[Q] How can retailers best deal not only with the early 2010 Panda update (and how are they dealing with this so far?), but also the more recent “fresh” update?

[A] Obviously continent differentiation is essential for affiliates – there needs to be a unique measure of a value-add for users. It’s not enough to simply take a feed from a retailer and roll in into your navigation and front-end services. Some affiliates are rethinking how they use reviews, social media and other UGC, others are localizing to go with the lay of the land, so to speak.

I don’t think the freshness factors of Google’s more recent algo update really affects this facet of the ever evolving Panda algorithms. Where the algo update might help out online retailers is for annual events if white sales, black Friday sales and such are treated as regularly recurring events, like conferences and TV series, presidential elections and such are said to be treated with the algo update. Time will tell if this does help ensure only this year’s or the freshest content is indeed available to searchers. What’s really interesting about this is that I’ve always recommending doing some link harvesting for annual events. In order words, when possible, take last year’s event and 301 it to this years. If you have to recap some of the details from last year, send the content to a new URL and don’t promote it. This algo change could render this not process of link harvesting unnecessary, but you still could use the canonical tag to have the same affect in Google at least if the algo update does not perform as anticipated or expected.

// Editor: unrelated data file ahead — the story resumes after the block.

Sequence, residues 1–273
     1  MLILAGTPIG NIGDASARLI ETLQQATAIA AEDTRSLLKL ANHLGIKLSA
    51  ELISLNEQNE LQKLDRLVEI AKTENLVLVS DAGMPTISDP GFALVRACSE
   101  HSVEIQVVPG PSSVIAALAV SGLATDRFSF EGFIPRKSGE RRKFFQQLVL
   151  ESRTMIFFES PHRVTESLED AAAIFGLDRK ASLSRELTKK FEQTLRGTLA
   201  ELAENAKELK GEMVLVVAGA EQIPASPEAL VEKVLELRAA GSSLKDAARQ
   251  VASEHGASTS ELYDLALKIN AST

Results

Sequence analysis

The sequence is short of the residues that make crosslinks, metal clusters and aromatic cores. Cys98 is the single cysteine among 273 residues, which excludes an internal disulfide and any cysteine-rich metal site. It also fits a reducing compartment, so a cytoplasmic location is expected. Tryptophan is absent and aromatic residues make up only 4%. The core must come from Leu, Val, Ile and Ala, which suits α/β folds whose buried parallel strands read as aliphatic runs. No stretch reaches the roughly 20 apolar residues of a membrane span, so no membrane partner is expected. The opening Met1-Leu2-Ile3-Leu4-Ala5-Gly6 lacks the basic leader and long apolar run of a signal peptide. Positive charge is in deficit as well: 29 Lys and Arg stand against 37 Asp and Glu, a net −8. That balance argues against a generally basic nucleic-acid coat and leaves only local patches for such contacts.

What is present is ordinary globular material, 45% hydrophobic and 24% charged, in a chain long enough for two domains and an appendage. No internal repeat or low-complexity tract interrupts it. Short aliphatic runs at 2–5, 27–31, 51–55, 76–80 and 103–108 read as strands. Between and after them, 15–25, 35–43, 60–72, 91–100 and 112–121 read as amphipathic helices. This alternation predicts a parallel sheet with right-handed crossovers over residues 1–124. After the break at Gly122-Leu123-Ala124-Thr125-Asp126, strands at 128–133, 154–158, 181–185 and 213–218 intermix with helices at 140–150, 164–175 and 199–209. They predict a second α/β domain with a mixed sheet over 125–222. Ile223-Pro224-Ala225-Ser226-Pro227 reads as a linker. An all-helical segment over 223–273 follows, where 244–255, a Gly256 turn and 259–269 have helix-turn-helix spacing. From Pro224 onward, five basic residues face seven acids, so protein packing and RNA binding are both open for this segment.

Retailers need to avoid falling into a useless content trap to avoid having their results dampened by Panda updates. And let’s be clear about this, Panda is an not an penalty maker, although it may feel like it if your site has been affected by it. Content created by internal site search refinements and programmatic creation of internal site search results pages have created Panda problems for a few online retailers. Canonical tags for preferred content and meta robots exclusions for low quality content can help to get a retailer out of Panda snares, but it takes time to alleviate the issues and regain the domain trust and site authority from  Google.

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[Search Engine Watch] 3 Quick & Easy Holiday SEO Projects

Don’t let a code freeze put your SEO initiatives on ice this year. Make the most of this holiday sales season by implementing a few last-minute optimization tactics that can scale across the enterprise and make your search engine marketing campaigns shine.

Since there are essentially three pillars of successful search engine optimization – technical tactics, content optimization, and link building – take a look at three strategies you might be able to add into your SEO projects yet this year: Microdata, Freebies & Harvesting Links.

[Read] 3 Holiday SEO Projects by PJ Fusco